Photoshop Trading Card

Using your newfound Photoshop skills, you will design your very own trading card in the style of a hockey/baseball/football/basketball card, or perhaps a Pokemon style card. Your job is to be creative and original while using something like that as inspiration. You will design both the front and the back of the card.

Here is my example:

You can almost certainly come up with something better than that! I have a few sample cards on my desk that you could look at, or just google a hockey card and see what one could look like.

You DO NOT have to use yourself as the subject of the card, although that would be a lot of fun! You are encouraged to make one about yourself, of course, but can make one about your favourite athlete/musician/Pokemon, etc.

A standard trading card is about 2.5 inches by 3.5 inches. You can decide whether to design it in Portrait orientation (tall) or Landscape (wide.) Make sure your resolution is 300 pixels/inch and you are using the CMYK color mode.

If you come up with something good, I’ll even print it out and give it to you! When we cut them out, it is difficult to cut precisely on the line, so we often end up with a strip of white paper on the outside. To prevent this, we add in something called a BLEED, which is an extra bit of the background that extends past the edge of the intended page. This area gets cut off, so you don’t want to put anything important in there.

We actually want our card to be 2.5 inches by 3.5 inches, but we’ll add in an extra .25 inch bleed on all sides:

By default, Photoshop files always start out with one page/canvas, but you can add another.

If you go into the Layer menu, then choose New, then Artboard…

You can have multiple pages/canvases/artboards, which show up in the Layers panel

You’ll notice two pages that you can work on side-by-side:


In order to properly keep that Bleed area separate, you need to set up some Guides. In order to do that, you need to be able to see your Rulers.

Go into the View menu and choose Rulers (or press Ctrl + R)

Click on the ruler at the top of the page and pull down. Do this OFF of your page (beside it)

Drag down until you’re just onto your page.

You should see a light blue line appear on your page. With the Move tool active (press v on your keyboard), click on the line/Guide to select it. Then Right-click and choose Edit Selected Guides:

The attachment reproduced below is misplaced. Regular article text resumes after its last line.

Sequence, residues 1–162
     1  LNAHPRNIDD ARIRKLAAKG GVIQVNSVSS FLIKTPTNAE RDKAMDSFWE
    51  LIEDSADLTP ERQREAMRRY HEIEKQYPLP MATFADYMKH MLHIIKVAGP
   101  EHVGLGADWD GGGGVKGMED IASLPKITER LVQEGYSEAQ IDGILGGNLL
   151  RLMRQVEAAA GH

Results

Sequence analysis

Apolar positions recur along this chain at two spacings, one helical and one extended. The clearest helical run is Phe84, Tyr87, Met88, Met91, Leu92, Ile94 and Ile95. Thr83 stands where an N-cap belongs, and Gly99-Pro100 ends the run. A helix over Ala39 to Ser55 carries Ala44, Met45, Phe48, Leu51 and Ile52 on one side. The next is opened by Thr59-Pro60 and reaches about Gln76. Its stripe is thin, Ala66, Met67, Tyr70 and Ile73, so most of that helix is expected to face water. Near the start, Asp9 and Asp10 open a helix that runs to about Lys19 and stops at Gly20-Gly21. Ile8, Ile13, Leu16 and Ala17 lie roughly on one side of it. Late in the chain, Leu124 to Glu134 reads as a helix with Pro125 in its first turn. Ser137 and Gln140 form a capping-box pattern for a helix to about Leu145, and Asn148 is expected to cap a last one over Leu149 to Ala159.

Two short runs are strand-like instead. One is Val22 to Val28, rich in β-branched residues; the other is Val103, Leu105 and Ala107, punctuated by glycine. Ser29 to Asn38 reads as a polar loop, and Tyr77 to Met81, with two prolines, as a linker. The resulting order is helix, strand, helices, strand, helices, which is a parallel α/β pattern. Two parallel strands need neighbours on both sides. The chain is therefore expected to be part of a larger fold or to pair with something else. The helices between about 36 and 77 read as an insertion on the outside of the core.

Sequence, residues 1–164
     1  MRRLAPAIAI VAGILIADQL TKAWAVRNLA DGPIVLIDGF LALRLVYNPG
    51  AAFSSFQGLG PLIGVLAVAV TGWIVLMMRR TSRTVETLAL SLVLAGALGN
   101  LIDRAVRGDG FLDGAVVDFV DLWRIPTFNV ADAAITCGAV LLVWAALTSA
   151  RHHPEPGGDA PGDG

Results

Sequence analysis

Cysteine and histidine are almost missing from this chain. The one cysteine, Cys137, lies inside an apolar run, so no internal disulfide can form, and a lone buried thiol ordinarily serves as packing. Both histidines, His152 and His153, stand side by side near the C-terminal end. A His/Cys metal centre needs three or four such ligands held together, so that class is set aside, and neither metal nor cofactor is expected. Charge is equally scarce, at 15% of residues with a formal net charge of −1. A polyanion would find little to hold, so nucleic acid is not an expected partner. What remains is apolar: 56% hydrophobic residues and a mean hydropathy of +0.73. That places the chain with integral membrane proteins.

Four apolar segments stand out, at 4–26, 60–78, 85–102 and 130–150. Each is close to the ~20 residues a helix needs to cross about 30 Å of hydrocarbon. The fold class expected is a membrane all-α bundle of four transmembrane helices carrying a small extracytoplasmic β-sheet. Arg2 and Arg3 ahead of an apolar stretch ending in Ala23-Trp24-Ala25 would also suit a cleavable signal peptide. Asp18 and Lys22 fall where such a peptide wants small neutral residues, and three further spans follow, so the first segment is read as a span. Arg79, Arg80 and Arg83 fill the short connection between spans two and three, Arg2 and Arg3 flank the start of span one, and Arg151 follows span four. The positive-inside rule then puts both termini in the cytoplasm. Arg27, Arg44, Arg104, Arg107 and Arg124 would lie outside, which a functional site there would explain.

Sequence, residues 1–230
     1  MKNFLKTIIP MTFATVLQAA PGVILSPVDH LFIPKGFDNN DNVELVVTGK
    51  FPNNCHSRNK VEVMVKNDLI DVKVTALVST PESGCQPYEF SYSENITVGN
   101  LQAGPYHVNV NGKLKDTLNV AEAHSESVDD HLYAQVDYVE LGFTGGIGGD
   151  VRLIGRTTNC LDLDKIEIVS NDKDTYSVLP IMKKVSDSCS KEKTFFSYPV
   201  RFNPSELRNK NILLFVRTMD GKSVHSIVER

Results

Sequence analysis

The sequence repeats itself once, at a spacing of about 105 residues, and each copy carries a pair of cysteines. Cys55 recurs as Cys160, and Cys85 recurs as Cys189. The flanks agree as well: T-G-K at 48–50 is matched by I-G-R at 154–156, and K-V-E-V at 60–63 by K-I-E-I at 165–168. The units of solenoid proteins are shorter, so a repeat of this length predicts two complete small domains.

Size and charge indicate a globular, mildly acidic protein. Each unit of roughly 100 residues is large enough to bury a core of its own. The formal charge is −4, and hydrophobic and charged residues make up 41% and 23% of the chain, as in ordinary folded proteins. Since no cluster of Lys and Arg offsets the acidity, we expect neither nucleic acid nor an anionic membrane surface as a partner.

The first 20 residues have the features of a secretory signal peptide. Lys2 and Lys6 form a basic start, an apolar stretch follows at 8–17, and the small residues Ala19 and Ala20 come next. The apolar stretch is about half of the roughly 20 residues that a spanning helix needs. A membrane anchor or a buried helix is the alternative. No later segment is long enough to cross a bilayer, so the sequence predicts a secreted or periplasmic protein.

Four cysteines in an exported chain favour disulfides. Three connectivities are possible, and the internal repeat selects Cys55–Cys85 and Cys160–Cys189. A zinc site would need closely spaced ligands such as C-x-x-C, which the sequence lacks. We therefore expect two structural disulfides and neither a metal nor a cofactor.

The top guide should be .25 inch into the page.

Repeat this process, placing guides at the top and bottom of the page. The next one should be at 3.75 inches

If you’ve done it correctly, those guides will extend out onto both artboards and all you’ll need to do is add the vertical guides on both sides

Drag from the left ruler onto the page and set a guide at .25 in

And another at 2.75 in

The other artboard requires a bit of math because the spacing is a bit odd, but lucky for you, I’ve done it for you! Put one at 3.583 in

and a final one at 6.083 in

In the end, you should see something like this, with guides marking off that bleed area on the front and back of the card


Those guides are just for your information. They will not appear on the printed card!

When you create your background, make sure it extends out to the edge of the page. Remember that the section between the guide and the edge of the page is designed to be cut off, so never put anything important in there!

Remember that the guides will be the edge of the page when cut, so never put anything important too close to those guides! Keep a bit of a margin area blank all the way around.

Here’s what that might look like:

Anything important should be in that area that I have grey (Safe area.)




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